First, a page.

The other night, we met friends for dinner at a restaurant we last visited almost exactly one year ago: Range, in Friendship Heights. We went last February, for my birthday, with a few close friends. The restaurant was brand new and very on its game. We had a fantastic meal and even better drinks – some of the best I’ve had in the city.
This time, our meal was less memorable: the servers were green and very conspicuous, awkwardly explaining and pointing (very closely!) to every element on the plate, interrupting our conversation at what seemed like all the worst moments, and insisting on giving us their spiels when we clearly already understood the concept of small plates. (Restaurants: for heaven’s sake, stop with your spiels! Let us eat cake!)
But the drinks. The drinks! They were still as wonderful as I remembered from one year ago. I had an old-fashioned glass full of scotch, pumpkin shrub, and bitters with a hint of cayenne. And D, well she had the most intense drink of all: basically a big glass of whiskey, with a hint of maraschino and bitters. But mostly whiskey. The strongest, least smooth Old Fashioned you’ve ever had. And what was it called? The Mother-in-Law. Of course.
Before we go any further: I love my in-laws. Got that?
But that’s a well-named cocktail. It makes you laugh when you drink it. It sticks with you long after it’s gone. And if you liked it, you’ll know exactly how to order it next time.
Which is why I felt compelled to rename drink I served for brunch this weekend. The original version is called the 522 North Pinckney, which is one of those names that you only understand if you recognize that it’s an address, and then go and know the person whose address it used to be.
Turns out, 522 North Pinckney is the former address of Brian Bartels, who co-owns Fedora, a Greenwich Village Bar, with Gabriel Stulman, who used to run the front of the house at the wonderful Little Owl, in the West Village, and also owns another Village spot called Joseph Leonard, where apparently Brian Bartels mixologizes. (Word? Now it is!) And that’s where 522 North Pinckney comes from.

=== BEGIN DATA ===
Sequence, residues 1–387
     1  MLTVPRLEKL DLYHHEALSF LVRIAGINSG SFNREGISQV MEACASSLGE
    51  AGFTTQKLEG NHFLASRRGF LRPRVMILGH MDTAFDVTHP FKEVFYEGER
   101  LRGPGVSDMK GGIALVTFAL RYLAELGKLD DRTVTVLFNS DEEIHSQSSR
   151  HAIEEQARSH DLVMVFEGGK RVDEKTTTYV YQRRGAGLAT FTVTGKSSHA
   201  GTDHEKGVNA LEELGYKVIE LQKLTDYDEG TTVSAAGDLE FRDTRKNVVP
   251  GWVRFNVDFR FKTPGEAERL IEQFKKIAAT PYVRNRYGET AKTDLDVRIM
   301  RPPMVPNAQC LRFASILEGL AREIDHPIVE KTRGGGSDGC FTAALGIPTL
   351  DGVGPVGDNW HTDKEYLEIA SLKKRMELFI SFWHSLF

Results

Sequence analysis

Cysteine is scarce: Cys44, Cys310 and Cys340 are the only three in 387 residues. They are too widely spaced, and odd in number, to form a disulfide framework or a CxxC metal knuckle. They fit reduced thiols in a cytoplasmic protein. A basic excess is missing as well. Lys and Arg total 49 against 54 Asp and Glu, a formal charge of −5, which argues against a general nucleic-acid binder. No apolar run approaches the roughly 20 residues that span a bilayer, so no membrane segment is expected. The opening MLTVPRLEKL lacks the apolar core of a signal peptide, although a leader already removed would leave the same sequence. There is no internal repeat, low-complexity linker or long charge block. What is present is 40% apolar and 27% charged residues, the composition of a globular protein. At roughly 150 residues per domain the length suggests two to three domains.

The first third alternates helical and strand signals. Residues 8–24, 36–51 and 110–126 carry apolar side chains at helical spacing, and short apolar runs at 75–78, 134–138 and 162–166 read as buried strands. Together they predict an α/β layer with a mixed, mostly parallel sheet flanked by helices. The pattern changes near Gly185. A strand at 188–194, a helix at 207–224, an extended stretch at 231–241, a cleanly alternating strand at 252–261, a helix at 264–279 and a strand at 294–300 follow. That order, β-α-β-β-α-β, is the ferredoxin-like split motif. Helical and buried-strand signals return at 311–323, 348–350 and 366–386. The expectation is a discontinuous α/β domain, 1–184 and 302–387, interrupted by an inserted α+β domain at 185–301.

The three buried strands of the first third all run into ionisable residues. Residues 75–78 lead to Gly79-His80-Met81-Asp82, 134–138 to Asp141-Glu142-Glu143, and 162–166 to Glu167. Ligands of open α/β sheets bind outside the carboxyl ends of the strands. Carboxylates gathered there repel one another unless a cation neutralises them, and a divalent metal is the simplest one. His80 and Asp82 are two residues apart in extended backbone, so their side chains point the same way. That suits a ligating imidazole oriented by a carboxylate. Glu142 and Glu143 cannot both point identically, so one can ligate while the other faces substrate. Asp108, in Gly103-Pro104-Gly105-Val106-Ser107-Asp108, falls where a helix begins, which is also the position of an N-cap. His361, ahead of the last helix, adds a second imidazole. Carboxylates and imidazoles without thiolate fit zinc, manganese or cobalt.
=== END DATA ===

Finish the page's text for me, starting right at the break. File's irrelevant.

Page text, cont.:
But I’ve never been to Joseph Leonard. I’ve never been to Fedora. I’ve never met either of these (surely fedora-ed) fellows. And I guess I figure that unless drinks have names so common and ingrained that calling them something else misleads people (i.e. bloody mary; mimosa), a cocktail’s name should evoke something you understand. Is Ruby Campari Fizz the most brilliant name ever? Ha. But you hear it, and you know what you’re about to get.
Behold, the Ruby Campari Fizz:
Ruby because your glass is about one-third red grapefruit juice. Campari because it’s a prevalent flavor, and the other special liqueur in there – St. Germain – is too unwieldy a name to slap on a cocktail. Fizz is Prosecco or Cava, because you don’t need to splurge on Champagne to have a happy new year.
It’s a mighty strong way to ring in 2014, whether in the evening, served in flutes, or over New Year’s brunch, in a coupe or the like. It’s pretty and sparkly and cheery. I hope this coming year is all of those things and more, for all of us.
Happy New Year, friends. Cheers!
Ruby Campari Fizz
Adapted from the bar Joseph Leonard, via Bon Appetit
Makes 8 servings
3 red grapefruits
1/2 cup St. Germain (elderflower liqueur)
1/4 cup Campari
1 750-ml. bottle Prosecco or Cava (go with something inexpensive)
Set a strainer over a large bowl.
Halve grapefruits. Squeeze 5 grapefruit halves into the bowl. If you want your cocktail pulpy, transfer some of the suspended pulp from the strainer into the bowl. Press on remaining pulp and seeds to release any juice, then discard the pulp and seeds. You should wind up with approximately 2 cups of liquid.
Cut the remaining grapefruit half into two. Then slice one of the grapefruit quarters into thin slices along its cross-section. You’ll use these slices to garnish the glasses.
Add St. Germain and Campari to the grapefruit juice. Transfer to a pitcher, and refrigerate until ready to serve (at least 1 hour if possible).
To serve, divide grapefruit mixture equally among 8 glasses. (If serving fewer than 8 people, pour about 1/3 cup of the mixture into each glass.) Top with Prosecco or Cava. Set one cross-section slice of grapefruit on each glass, and serve.
(Keep grapefruit mixture chilled before serving, or make up to one day in advance and chill thoroughly.)